iconimg Friday, July 03, 2015

Purva Mehra, Hindustan Times
Mumbai, May 12, 2010
It comes as little surprise that Mumbai ranks as the safest city in India for women, according to the results of the Hindustan Times-IPSOS Indica Research study. According to this city-wide survey, conducted as part of the landmark Mumbai First initiative that seeks to examine in depth the city’s aspirations and misgivings, more than 56 per cent think that the city is still the safest for women in India. The results also stated that 32 per cent felt safe travelling alone late at night, while 54 per cent felt somewhat safe to do so.

Hindustan Times surveyed 10,374 people, asking them what their main concerns about the city were. We then asked them to pick their top two concerns from the initial lists.

We then divided the larger pool of respondents into several smaller groups based on their top two concerns. Typically, every respondent was part of two smaller groups, each of which corresponded to one concern. We then asked these smaller groups detailed questions about their respective concerns. Law and order was one of the top two concerns for 977 respondents.

These results are the silver lining in a survey that also highlights in depth the city’s grievances such as water shortages and the high cost of living.

A three-year Pukar gender and space study focused on women’s access to public space in Mumbai indicated that there are more women in public spaces in Mumbai and that they are relatively safer here compared to other cities. “However, their access to public space is still conditional and they don’t feel the same claim to public space as men do,” said Sameera Khan, one of three research associates at Pukar, who collaborated on this three-year research project.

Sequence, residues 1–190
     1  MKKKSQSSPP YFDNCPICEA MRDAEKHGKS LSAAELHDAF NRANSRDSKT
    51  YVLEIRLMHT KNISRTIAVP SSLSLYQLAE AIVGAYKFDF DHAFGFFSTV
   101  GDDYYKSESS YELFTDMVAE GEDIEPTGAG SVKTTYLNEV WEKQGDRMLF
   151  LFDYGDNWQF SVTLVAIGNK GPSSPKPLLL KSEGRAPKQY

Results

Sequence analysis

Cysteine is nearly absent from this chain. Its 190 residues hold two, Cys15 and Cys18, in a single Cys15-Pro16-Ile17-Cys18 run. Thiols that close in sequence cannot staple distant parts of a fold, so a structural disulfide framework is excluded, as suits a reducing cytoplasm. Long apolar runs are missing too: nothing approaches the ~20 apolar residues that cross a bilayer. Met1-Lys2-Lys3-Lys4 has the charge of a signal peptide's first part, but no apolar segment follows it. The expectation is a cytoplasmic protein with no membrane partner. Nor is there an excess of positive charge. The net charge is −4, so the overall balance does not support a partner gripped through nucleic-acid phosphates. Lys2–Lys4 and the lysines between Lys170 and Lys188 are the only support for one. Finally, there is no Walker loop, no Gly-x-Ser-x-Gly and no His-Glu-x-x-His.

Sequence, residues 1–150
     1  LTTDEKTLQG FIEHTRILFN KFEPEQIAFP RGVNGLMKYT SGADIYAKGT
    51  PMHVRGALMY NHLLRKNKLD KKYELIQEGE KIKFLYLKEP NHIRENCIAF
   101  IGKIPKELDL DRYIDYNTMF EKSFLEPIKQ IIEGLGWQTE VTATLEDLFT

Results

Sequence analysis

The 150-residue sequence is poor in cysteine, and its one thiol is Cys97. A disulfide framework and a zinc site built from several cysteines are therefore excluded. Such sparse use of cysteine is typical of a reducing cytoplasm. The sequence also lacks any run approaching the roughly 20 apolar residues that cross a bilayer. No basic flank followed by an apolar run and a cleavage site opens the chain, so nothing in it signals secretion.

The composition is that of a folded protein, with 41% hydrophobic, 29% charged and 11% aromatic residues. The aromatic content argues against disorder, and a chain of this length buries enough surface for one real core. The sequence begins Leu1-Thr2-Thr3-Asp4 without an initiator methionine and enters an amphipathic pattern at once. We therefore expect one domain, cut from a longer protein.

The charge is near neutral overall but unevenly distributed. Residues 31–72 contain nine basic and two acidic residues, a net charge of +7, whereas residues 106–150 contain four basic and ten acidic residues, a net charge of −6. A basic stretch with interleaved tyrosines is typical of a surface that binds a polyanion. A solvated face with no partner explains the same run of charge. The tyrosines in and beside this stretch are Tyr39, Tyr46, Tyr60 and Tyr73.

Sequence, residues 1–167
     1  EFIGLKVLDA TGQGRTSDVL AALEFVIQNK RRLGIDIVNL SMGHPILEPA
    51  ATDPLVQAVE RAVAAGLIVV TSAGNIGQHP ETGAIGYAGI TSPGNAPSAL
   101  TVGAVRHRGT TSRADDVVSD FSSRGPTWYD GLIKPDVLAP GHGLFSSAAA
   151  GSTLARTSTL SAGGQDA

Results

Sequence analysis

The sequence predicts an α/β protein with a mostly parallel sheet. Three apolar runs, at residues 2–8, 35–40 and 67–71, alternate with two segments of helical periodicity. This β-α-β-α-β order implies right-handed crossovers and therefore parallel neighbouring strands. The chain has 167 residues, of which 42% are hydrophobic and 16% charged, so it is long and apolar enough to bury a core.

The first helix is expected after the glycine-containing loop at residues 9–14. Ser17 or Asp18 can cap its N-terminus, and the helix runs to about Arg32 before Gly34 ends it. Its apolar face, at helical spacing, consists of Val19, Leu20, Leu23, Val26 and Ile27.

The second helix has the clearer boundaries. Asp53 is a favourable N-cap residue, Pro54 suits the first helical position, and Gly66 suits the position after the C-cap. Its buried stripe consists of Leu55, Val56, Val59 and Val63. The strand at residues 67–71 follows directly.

However, the perception of them ‘feeling safer’ than women elsewhere did not imply that they have equal and unrestrained access to public space like men.

“Women have to constantly strategise in order to remain safe or comfortable — they do this by weighing where they choose to go and where not, what they wear, by seeking company and so on. Mumbai women cannot take their safety for granted and have to always manufacture it for themselves day in and day out,” said Khan, whose research with Shilpa Ranade and Shilpa Phadke will be published by Penguin Books India later this year, under the title Why Loiter.

Strategy is key to how public relations professional Pallavi Swaraj ensures her safety in Mumbai. Since Swaraj’s move to Nerul eight months ago, she makes certain to dress appropriately during late evening commutes on the Harbour line, from her workplace in Santacruz. “When I was living in Andheri, I felt safer travelling alone until late at night. But Navi Mumbai is a different set-up. I generally carry a shawl, don’t wear short clothes and try not to take a train back home after 9.30 pm; I opt for a radio taxi instead,” said Swaraj (28).

However, having lived in Delhi and Patna, Swaraj vouches that in comparison Mumbai is the safest by far. “Friends of mine have used the police helpline when hooligans entered the ladies compartment and the response time was commendable,” said Swaraj.

“Within a short while of visiting Delhi, we realised that for a woman to venture out after 8 pm is totally unadvisable. We felt unsafe even while travelling as a group of women,” said Ameesha Dedhia, a 24-year-old health expert.

Dedhia commutes from Borivli to Churchgate daily by train, often as late as 11 pm, without having to worry about her safety. “The sense of security in Mumbai is compounded only after you’ve lived and travelled alone in other metros,” Dedhia said.